"During the past two thousand years Ancient Egypt has effectively been destroyed, both by the Egyptians themselves and by a host of foreigners, many of them arriving in the Nile Valley in the name of science and nationalism. The loss to archaeology is incalculable, that to Egyptian history even more staggering. As a result of the looting and pillage of generations of irresponsible visitors, the artifacts and artistic achievements of the Ancient Egyptians are scattered all over the globe, some of the most beautiful and spectacular of them stored or displayed thousands of miles from the Nile."
(From pages 11-12)
Ever since I was a little girl, I've loved learning about Ancient Egypt. I remember trips to the British Museum with my Mum to gawp at the Rosetta stone and writing my name in hieroglyphs at primary school. Later, at university, I studied Egyptian language as part of a linguistics unit and I've read countless books on the Ancient Egyptians themselves. The story of the European rediscovery of the Nile Valley in the eighteenth and nineteenth century is an exciting one, full of Indiana Jones type figures, such as Giovanni Belzoni. But in The Rape of the Nile, Fagan challenges the actions of Western treasure seekers and archaeologists. Who gave them the right to remove the artifacts from Egypt and keep them in foreign museums?
It's hard to argue with Fagan's arguments as there is some shocking behaviour on the part of early Egyptologists in the book. Whilst Fagan does cover tomb robbing and looting through Ancient Egyptian to Islamic times, the real pillage only starts with the arrival of Westerners in the form of Napoleon's expedition. We read about tombs being blown open with dynamite (and a near miss with one of the great pyramids), reliefs scraped off walls and my personal favourite, a sarcophagus being chopped in two as the whole thing was harder to transport. The early treasure seekers had little more than the desire to acquire exotic things, so there was no attempt at scientific recording or archaeology. So much was lost.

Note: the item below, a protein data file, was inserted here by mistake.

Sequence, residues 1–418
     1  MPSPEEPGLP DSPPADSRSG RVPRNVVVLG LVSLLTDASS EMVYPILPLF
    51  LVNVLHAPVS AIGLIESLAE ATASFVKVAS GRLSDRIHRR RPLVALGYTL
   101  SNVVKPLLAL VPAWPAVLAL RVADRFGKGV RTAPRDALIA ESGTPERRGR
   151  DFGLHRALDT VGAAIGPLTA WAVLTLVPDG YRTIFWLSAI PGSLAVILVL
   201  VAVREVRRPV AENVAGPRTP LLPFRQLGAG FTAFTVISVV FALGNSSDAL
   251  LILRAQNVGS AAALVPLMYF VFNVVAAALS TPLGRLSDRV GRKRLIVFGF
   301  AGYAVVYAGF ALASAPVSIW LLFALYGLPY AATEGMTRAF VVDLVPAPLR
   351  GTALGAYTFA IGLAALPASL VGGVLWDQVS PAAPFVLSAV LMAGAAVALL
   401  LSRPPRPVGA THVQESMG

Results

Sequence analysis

Fagan does balance his argument with stories of the pioneers who tried to make archaeology in Egypt more scientific and less about the treasure seeking, but it all comes too little too late. Egypt doesn't get a fully functioning national museum until late in the day and the patronising 'we can look after them better than you' attitude continues to this day. I read an early edition of this book (1977) but I know there is a more up to date one out there - it would be interesting to see what Fagan makes of the modern argument that Western museums should return some of their treasures to Cairo, put forward by people like Hawass. However, the benefit of reading the 1977 edition (pulled out of the reserve stacks of the library) was that it was a beautiful copy, hard back with illustrations on most pages.
I loved this book, but I can appreciate that some people might find it a little dry. Fagan has an engaging writing style but the book is fairly detailed and you would need a keen interest in Egyptology before starting in order to enjoy it properly. It's one I would recommend though, it's got a good balance of the history of what happened to Egypt in modern time and of the moral issues surrounding Egyptology.
First Published: 1975
Score: 4.5 out of 5
Egypt: How A Lost Civilization was Rediscovered by Joyce Tyldesley (link to goodreads): I read this one pre-blogging and it's a great introduction to the big personalities in the European rediscovery of Egypt, Carter (who found Tut), Champollion (who deciphered hieroglyphs) and Belzoni (who collected the treasures of the British Museum).